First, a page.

Proceedings at the electoral court on 22 Oct. 1713 were protracted and acrimonious. Cumming won the initial exchanges by securing the election of Hon. Alexander Maitland* as praeses. Cumming thereafter entered ten protests against voters for Reid, who countered with nine objections of his own. Cumming’s 35 votes comprised 25 freeholders who had supported him either in 1709 or 1710, and four votes derived from landholdings of the corporation of Aberdeen and the university. Only three were voters who had supported Keith at the last election, and he succeeded in persuading two Jacobite sympathizers, Sir George Innes of Coxton and Captain John Stewart of Dens, to vote for the first time since the Union. Another ten of his voters may be distinguished as prominent Jacobites, but this situation is counterbalanced by the presence of eight Hanoverians. Reid himself had little sympathy for the Jacobite cause, but his father was apparently more inclined in that direction. Reid certainly picked up six Jacobite votes, and three Hanoverian ones, out of a total of 23 votes. Thus, despite political polarization within the shire generally, electoral behaviour cannot be reduced to straightforward ideological criteria. Reid did not have great success in persuading voters who had supported Cumming at the last election to defect, but managed to collect seven votes of this type (largely because his own family and friends had previously voted that way). The remainder of his support came from 11 freeholders who had either voted for Keith or abstained at the last election, together with five new voters. Given the size of Cumming’s majority and the number of objections recorded at the electoral court, Reid declined to petition.11

Cumming retained the seat in 1715, securing an unopposed return at a thinly attended election. His 16 voters included only two who had opposed him at the last election, and he also enjoyed the by now customary support of Aberdeen and the university.12

Author: D. W. Hayton


  • 1. Aberdeen Univ. Lib. Duff House (Montcoffer) mss 3175/Z174, ‘A List of the Barons Enrolled and that Voted in the Elections in the Shire of Aberdeen since the Union’ [aft. 22 Oct. 1713].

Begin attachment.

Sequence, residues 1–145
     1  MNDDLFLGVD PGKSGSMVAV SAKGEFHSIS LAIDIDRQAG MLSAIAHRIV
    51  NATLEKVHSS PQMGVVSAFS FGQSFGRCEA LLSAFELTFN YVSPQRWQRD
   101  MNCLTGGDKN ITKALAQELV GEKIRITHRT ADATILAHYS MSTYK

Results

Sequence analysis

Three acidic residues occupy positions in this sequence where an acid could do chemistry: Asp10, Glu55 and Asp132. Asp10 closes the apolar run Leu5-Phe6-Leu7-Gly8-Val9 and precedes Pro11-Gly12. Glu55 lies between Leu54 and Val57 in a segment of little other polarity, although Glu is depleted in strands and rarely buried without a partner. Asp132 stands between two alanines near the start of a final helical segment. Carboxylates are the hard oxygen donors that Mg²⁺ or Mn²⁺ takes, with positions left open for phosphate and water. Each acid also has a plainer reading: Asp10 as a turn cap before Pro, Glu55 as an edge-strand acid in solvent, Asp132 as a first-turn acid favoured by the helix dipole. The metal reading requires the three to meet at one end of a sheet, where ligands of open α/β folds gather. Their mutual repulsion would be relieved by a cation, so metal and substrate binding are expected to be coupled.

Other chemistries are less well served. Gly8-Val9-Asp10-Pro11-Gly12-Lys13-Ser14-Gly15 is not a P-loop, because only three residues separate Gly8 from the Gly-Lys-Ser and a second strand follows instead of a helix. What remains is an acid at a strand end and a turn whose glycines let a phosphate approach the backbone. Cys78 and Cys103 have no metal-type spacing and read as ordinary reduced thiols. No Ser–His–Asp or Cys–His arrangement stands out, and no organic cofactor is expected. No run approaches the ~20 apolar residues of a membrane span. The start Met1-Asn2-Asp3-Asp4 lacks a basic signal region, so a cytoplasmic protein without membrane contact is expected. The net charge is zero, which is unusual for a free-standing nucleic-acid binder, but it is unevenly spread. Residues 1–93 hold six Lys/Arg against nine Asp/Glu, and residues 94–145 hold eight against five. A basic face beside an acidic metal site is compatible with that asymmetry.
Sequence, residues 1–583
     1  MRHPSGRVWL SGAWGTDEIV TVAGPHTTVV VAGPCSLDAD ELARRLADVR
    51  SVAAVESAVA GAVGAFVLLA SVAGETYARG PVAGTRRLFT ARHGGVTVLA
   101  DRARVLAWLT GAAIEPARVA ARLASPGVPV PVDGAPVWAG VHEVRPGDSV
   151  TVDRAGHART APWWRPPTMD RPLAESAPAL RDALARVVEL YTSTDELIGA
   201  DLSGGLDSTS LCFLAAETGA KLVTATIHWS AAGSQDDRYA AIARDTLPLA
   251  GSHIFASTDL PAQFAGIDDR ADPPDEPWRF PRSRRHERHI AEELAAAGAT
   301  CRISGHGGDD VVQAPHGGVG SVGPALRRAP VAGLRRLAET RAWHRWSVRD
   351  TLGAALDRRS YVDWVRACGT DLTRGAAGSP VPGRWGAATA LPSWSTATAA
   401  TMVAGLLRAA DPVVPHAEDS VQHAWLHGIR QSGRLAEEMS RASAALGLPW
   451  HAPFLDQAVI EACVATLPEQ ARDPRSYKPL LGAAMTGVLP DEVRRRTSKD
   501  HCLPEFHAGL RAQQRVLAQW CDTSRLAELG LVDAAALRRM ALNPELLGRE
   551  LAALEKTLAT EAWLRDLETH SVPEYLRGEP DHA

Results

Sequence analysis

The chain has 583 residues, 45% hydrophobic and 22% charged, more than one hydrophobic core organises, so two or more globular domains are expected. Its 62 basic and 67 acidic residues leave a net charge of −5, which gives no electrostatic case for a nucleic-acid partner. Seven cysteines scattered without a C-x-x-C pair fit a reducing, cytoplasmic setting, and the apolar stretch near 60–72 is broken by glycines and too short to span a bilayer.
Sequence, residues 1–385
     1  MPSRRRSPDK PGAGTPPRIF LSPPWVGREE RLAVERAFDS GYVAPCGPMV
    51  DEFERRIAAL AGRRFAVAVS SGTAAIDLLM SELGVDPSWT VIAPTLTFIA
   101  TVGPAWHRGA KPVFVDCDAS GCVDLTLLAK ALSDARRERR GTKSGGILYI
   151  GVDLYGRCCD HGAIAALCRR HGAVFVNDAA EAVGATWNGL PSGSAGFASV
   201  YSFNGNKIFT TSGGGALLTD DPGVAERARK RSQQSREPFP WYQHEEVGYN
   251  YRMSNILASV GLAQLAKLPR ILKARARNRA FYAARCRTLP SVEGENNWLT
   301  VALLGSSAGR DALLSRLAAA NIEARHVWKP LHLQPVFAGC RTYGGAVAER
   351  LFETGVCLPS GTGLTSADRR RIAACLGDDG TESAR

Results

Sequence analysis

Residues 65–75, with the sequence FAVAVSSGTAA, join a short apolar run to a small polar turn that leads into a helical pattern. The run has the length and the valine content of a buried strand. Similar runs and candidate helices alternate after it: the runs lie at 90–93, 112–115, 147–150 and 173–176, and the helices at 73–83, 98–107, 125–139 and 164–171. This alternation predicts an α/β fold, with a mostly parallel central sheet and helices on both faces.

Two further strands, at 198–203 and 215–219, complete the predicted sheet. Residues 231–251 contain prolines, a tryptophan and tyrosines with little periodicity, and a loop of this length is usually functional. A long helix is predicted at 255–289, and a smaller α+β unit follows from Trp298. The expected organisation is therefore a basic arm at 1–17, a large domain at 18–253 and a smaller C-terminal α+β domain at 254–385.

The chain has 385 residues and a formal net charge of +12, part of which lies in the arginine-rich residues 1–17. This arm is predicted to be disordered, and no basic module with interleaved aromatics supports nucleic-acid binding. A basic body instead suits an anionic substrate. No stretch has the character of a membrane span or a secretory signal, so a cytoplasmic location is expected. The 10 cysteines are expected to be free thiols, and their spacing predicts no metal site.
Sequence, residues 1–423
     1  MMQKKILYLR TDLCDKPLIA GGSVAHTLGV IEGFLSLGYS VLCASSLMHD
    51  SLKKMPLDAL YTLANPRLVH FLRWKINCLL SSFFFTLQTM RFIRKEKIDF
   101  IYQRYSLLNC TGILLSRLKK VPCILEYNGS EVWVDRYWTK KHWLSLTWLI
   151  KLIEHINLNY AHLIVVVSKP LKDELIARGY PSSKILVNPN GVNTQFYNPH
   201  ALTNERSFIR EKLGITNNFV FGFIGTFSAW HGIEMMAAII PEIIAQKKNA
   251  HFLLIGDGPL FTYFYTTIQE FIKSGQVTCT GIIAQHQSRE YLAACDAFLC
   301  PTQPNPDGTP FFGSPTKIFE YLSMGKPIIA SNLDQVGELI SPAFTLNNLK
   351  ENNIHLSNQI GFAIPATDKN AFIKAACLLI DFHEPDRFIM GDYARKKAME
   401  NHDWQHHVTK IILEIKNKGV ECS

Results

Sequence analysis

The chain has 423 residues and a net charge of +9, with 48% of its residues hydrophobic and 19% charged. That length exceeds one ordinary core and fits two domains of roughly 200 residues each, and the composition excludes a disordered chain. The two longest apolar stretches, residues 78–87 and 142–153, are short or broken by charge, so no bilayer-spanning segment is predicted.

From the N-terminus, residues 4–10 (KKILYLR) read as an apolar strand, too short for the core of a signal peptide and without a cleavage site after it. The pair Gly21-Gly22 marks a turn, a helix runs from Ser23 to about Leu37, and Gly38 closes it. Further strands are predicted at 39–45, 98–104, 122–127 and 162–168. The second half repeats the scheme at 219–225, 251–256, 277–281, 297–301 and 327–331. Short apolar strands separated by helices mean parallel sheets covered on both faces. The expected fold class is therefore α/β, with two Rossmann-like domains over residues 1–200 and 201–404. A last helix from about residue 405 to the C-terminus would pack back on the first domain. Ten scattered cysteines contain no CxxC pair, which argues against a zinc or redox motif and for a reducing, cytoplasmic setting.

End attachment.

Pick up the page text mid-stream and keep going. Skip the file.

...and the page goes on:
• 2. Ibid. 3175/Z174, ‘List of Barons . . . since the Union’; copy of sederunt, 25 Oct. 1710.
  • 3. Ibid. 3175/Z174, ‘List of Barons . . . since the Union’; extract of sederunt, 22 Oct. 1713.
  • 4. Sheriff Ct. Recs. Aberdeen (New Spalding Club), ii. 521; iii. 95-96; W. Watt, Aberdeen and Banff, 274-7; HMC Portland, x. 393-5; Defoe, Tour ed. Cole, ii. 809; Innes Review, xviii. 96-101; xx. 71-72; Ideology and Conspiracy ed. Cruickshanks, 44-46; Seafield Corresp. 142; Add. 61629, ff. 142, 145; 61632, ff. 77-78.
  • 5. Orig. Pprs. ed. Macpherson, ii. 17; Riley, Union, 329, 333, 335; SRO, Mar and Kellie mss GD124/15/763/3-5, Forbes to Mar, 4 Mar., 8, 16 Apr. 1708; GD124/15/754/21, 25, Mar to Grange, 27 Apr., 11 May 1708; GD124/851/1-2, Erskyne to Mar, 8, 14 May 1708; Jacobite Cess Roll of Aberdeen. (3rd Spalding Club), 19, 31, 42, 47, 52, 54, 59, 78-79, 81-84, 99, 100-2, 110, 106-7, 117-18, 154, 171, 228, 230, 236, 238, 247; A. and H. Tayler, Jacobites of Aberdeen and Banff in 1715, 22-27, 42, 56-57, 132, 136, 138, 160-1, 197.
  • 6. Edinburgh Courant, 4-7 June 1708; Duff House (Montcoffer) mss 3175/Z174, ‘List of Barons . . . since the Union’.
  • 7. Mar and Kellie mss GD124/15/763/6, 7, Forbes to Mar, 11, 14 Dec. 1708; GD124/15/928, Sir Hew Dalrymple to same, 9 Dec. 1708; GD124/15/943/5, Grange to same, 5 Feb. 1709.
  • 8. Duff House (Montcoffer) mss 3175/Z174, ‘List of Voters [sic] in Three Columns, Jan. 1709’; ‘List of Barons . . . since the Union’.
  • 9. GD124/15/975/15, Grange to Mar, 26 Aug. 1710; GD124/15/1003, Thomas Erskyne to Grange, n.d. [Aug. 1710]; Recs. Old Aberdeen (New Spalding Club), i. 177; Duff House (Montcoffer) mss, 3175/2377, Ilay to Cumming, 12 Aug. [1710]; 3175/Z174, ‘List of Barons . . . since the Union’; copy of sederunt, 25 Oct. 1710. Scots Courant, 27-30 Oct. 1710; Post Boy, 9-11 Nov. 1710.
  • 10. Watt, 278, 282, HMC Portland, v. 351; x. 193, 211-12, 309, 398-9, 403; Wodrow, Analecta, i. 328-9; ii. 276; Wodrow Letters ed. McCrie, i. 218; Mar and Kellie mss GD124/15/1099/2, Erskyne to Grange, 24 June 1713; GD124/15/1106, Patrick Sandilands to same, 7 Sept. 1713.
  • 11. Duff House (Montcoffer) mss 3175/Z174, ‘List of Barons . . . since the Union’; extract of sederunt, 22 Oct. 1713; Jacobite Cess Roll, 31, 52, 54, 57, 67, 78, 81, 83-84, 86, 99, 106-7, 117-18, 154, 157, 171, 188, 228, 230, 236, 238, 247; A. and H. Tayler, 42, 91, 101, 132-6, 138, 144-5, 155-6, 160-1, 193.
  • 12. Duff House (Montcoffer) mss 3175/Z174, ‘List of the Barons Who Voted for Sir Alexander Cumming, 1715’.